I know a lot of people are not going to be happy to hear this, but the days of buying contact lists are over. GDPR (or for those of you that don’t know the acronym, the General Data Protection Regulation) has been creating confusion for some time now, and companies are starting to scramble to demonstrate compliance (which will be mandatory by spring of 2018). Although there are some grey areas to the law (passed by the European Commission in April of 2016), one thing is crystal clear: if you purchase a list of prospects with the intent of emailing them, you are breaking the law.
How can that be, you say? Well, I’ll tell you. Data brokers may claim that they have obtained opt-ins from their lists of contacts, but the fact of the matter is that they didn’t get them specifically for you. Opting-in to receive information from one company and then being contacted by another (even if they are a “partner”) is not allowed; so unless you reach out to a prospect and explicitly obtain consent for you (and only you) to send them an email, you are not in compliance with GDPR.
What is consent, you say?The GDPR law states that consent is a “clear affirmative act establishing a freely given, specific, informed and unambiguous indication of the data subject’s agreement to the processing of personal data relating to him or her, such as by a written statement, including by electronic means, or an oral statement”. (So, pre-ticked boxes, inactivity or silence cannot constitute consent). Moreover, “when the processing has multiple purposes, consent should be given for all of them.” AND, “where processing is based on the data subject’s consent, the controller should be able to demonstrate that the data subject has given consent to the processing operation”. *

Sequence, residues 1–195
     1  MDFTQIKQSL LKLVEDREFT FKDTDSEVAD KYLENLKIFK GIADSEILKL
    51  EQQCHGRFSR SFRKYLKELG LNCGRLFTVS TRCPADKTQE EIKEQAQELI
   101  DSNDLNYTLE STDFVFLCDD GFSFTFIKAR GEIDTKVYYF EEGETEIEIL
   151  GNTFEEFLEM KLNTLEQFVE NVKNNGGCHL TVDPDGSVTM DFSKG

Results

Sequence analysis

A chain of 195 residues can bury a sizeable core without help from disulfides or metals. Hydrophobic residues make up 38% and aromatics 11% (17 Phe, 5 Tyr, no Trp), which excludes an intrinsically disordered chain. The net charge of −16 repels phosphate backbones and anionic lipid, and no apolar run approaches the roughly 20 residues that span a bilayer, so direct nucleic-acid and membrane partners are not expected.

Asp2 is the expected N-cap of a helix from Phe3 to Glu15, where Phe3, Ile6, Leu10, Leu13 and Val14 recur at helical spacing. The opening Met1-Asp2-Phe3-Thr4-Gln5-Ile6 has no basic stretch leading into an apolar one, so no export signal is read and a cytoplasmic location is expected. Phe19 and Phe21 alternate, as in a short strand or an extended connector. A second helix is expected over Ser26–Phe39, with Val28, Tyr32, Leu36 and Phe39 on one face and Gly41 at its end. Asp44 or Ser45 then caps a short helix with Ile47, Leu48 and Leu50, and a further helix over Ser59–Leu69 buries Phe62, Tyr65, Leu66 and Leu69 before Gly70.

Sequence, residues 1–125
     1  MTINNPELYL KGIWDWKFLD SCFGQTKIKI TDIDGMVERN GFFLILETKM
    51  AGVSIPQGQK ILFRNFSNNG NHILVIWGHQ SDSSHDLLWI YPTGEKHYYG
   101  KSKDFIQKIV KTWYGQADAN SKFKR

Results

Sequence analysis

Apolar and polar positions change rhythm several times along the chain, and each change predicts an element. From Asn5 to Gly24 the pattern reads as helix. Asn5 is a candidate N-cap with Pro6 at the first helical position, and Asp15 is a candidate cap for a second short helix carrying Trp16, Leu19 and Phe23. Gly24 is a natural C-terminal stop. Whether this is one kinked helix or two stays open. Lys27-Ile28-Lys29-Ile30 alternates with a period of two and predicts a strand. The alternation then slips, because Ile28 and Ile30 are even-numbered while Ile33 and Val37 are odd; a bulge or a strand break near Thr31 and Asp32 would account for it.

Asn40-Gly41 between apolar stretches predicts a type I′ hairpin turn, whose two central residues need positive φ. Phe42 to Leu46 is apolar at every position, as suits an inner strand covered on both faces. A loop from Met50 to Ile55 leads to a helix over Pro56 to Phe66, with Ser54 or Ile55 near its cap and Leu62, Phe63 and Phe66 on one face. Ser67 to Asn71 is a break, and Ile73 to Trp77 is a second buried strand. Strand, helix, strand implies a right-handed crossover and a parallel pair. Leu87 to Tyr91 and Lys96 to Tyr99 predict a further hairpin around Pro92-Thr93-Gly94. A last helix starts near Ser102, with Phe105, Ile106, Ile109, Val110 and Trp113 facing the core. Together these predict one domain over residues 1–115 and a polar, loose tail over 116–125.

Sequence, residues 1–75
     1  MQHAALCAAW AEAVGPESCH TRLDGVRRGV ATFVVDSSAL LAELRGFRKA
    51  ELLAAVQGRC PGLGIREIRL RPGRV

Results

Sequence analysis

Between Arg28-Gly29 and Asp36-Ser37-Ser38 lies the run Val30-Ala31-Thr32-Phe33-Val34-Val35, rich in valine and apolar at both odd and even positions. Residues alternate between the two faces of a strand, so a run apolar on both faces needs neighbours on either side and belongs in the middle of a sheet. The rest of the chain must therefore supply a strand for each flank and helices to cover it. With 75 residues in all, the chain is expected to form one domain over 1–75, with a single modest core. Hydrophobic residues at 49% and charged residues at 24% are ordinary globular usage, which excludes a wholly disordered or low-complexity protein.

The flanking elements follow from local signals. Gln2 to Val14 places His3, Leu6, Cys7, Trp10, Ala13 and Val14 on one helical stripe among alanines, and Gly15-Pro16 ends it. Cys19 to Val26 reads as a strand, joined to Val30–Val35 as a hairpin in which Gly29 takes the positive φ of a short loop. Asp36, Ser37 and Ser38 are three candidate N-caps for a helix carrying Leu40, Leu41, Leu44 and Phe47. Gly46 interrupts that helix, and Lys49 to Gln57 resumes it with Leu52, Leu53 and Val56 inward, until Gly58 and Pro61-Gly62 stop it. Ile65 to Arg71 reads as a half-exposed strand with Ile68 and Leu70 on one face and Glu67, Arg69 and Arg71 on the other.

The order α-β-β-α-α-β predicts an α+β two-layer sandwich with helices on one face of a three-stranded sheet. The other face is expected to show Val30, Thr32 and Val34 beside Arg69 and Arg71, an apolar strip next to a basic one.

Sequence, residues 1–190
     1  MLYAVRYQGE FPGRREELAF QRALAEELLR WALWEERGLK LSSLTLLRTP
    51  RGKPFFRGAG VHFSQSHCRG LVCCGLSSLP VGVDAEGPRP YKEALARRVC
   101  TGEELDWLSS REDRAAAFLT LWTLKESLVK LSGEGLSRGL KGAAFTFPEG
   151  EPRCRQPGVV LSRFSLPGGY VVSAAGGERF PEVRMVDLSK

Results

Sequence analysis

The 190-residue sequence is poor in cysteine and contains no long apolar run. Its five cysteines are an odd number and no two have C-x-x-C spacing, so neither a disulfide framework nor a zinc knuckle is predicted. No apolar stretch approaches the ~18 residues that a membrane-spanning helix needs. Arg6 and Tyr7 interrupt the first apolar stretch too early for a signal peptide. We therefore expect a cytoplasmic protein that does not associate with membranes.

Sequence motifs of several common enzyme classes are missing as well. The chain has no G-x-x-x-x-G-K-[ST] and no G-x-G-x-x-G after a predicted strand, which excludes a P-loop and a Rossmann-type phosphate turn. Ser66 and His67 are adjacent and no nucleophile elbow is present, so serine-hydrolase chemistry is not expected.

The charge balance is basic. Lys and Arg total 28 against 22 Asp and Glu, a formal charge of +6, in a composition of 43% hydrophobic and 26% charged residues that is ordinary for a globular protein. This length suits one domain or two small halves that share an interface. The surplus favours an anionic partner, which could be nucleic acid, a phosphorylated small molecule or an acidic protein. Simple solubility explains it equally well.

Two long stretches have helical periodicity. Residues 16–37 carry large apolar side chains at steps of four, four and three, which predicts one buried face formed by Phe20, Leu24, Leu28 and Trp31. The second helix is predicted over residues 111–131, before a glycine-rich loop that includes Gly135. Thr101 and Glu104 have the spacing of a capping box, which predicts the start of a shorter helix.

- Need explicit permission from a contact in order to use their data;
- They need to know who you are, and what you plan on doing with their data; and
- You need to prove that the contact gave you permission to use their data for a specific purpose (or purposes).
What would constitute proof, you say? Well, I’ll tell you. Basically, for every prospect a data broker supplies, they will need to provide you with screenshots of online forms filled in by a prospect proving email opt-ins for you to send them information (including the exact dates and times when a prospect opted-in and for what). A data broker will also need to demonstrate that they store and transfer all data securely and that a prospect can have their data modified or deleted at any time upon request (which, with data brokers, is basically impossible regardless of what they tell you).